Kobakhidze: I see Persian letters in my dreams. They are so beautiful but also so hard to remember. At least, I am now capable of differentiating letters from numbers. I started learning the language earlier this year because before meeting Steph, I was already planning to travel there in my van and stay as long as possible to make deep connections with people and enjoy the country’s jaw-dropping landscapes. Persia played a significant role in the history of the Georgian people. It has a significant influence on our culture and literature too. No surprise that it has long been on my bucket list.

Wilson: Who will you be interviewing along this journey?

Johnstone: We have so many wonderful individuals and organizations whose stories we can’t wait to share. From earth guardians, local schools, tribes and nomads, disability advocates, female adventurers, and change-makers to ordinary people doing extraordinary things.

Wilson: How do you decide which stories are worth sharing?

Johnstone: I believe we all have a story that is worth sharing. I often hear people say that they think they are not special because they haven’t experienced some kind of hardship in their lives, but I disagree. We are all unique, and each of our stories can be of great value to someone. There are so many things we don’t openly talk about, so many insecurities that we keep hidden away. It’s also hypocritical for me to make this statement when I haven’t dared to share all of my personal stories. Still, I do know that every time I read someone else’s story that resonates with me, I feel understood and one step closer to being able to share my story with the world.

We don’t have to come from hardship or have achieved everything we set out to do to share our story, and we don’t need to be superheroes with capes. Our stories are worth sharing because we are human. We are all unique, and every single one of us has the power to inspire the hell out of someone. I want us all to get to know each other on a deeper level so we can see our shared humanity. To make us realize that we are the same despite our differences, and that is precisely what Expedition Silk Road is all about. I hope we can all find the courage to be unapologetically ourselves, share our most vulnerable stories, and help someone else in the process.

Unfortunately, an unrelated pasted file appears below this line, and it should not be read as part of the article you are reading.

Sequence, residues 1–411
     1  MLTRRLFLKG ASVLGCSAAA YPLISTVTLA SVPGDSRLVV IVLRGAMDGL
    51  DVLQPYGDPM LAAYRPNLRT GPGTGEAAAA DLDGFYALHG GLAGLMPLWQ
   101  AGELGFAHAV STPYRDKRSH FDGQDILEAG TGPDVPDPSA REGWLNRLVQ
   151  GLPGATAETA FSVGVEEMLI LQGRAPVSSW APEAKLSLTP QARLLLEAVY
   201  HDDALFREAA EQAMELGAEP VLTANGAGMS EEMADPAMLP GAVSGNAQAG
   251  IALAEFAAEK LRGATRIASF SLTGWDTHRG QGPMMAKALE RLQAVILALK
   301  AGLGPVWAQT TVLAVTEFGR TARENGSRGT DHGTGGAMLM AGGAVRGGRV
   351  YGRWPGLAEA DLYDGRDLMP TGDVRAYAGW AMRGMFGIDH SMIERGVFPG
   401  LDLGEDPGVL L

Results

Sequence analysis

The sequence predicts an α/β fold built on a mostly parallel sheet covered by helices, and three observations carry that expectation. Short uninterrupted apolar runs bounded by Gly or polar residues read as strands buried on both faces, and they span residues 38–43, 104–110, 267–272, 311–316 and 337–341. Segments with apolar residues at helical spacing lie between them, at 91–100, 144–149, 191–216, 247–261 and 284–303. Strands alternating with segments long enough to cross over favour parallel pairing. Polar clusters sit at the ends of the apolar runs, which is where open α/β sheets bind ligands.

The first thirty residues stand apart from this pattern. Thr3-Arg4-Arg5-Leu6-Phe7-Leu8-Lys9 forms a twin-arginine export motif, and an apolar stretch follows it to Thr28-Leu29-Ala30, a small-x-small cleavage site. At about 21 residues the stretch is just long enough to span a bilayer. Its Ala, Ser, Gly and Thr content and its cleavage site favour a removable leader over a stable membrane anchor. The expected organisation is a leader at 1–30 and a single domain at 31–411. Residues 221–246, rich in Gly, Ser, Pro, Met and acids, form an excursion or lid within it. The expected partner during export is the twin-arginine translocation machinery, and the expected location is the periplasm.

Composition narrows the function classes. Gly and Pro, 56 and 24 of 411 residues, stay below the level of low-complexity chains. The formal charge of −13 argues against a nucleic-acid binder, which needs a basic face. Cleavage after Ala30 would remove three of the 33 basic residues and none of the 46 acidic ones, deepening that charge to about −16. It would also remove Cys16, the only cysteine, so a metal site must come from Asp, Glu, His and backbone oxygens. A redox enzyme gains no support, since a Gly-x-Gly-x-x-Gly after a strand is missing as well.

Wilson: What do you anticipate the hardest part of this journey will be?

Johnstone: I do not doubt that seven months of travelling will bring us many challenges. Tamar and I are two strangers who are still getting to know one another. We will have our highs and our lows and all the wonderful moments in between.

This journey will test us physically and mentally. Every story we hear will mark us. All our experiences will push us to look inwards, but I’m looking forward to all the insights this adventure will spark.

Wilson: You mention that each week you will be pairing your journey with a global call to action. What does that mean and what will these calls to action entail?

Johnstone: We often talk about climate change and taking action. We know that we are facing a massive crisis. We talk about kindness and compassion. Mental health. But what does any of this mean? Is a yearly call of action enough? And what do kindness and compassion even mean?

I believe every action, every conversation we have, has the power to create a positive ripple, and together we can turn tides into waves. To have an impact, we will need your help. I hope you will join us every week to share your act of kindness with us via social media, in a story or post, using the hashtag #amillionactsofkindness, and nominate three other people to do the same.

Let’s share our hopes, desires, and fears and challenge each other to look inward. If we can make the world a bit more about us and a bit less about me and learn to work together, I believe we can solve our challenges.

Wilson: Travel documentary filmmaking like this can get expensive – how are you funding this journey and these short films?

Johnstone: That’s sadly true. Since starting A Million Voices, I have self-funded every aspect of the Project using my savings.

For the expedition, I’ve been extremely fortunate to have the incredible support of some great brands behind me who are sponsoring Expedition Silk Road, such as Craghoppers, Soulbottles, Insight Guides, Hummingbird Travel, The Jetram Partnership, Komoot and Life Saver Power, to name a few.

Wilson: How many videos have you shot so far? How many do you hope to release by the end of this trip?

Johnstone: So far, we have filmed nine extraordinary individuals in Georgia and two in Iran. It’s honestly difficult to say how many stories we will end up with. I’ve never really focused on a specific number. I want to take the time to connect with the people whose story I’m sharing and get to know them. I think that’s the most important thing to me. It’s not the end product. It’s the journey and forming genuine connections.

Wilson: How can people follow along and tune into the content that you’re creating?

Johnstone: Sadly, A Million Voice’s website won’t go live for another few weeks due to technical issues with the membership area. Still, in the meantime, you can follow us on the following social media channels. We would love to hear from you, so please leave us a comment and say hello.

Instagram: https://www.instagram.com/a_millionvoices

Medium: https://medium.com/@A-Million-Voices

YouTube: https://youtube.com/c/AMILLIONVOICES

Facebook: https://www.facebook.com/amillionvoicesuk

Patreon: https://www.patreon.com/amillionvoices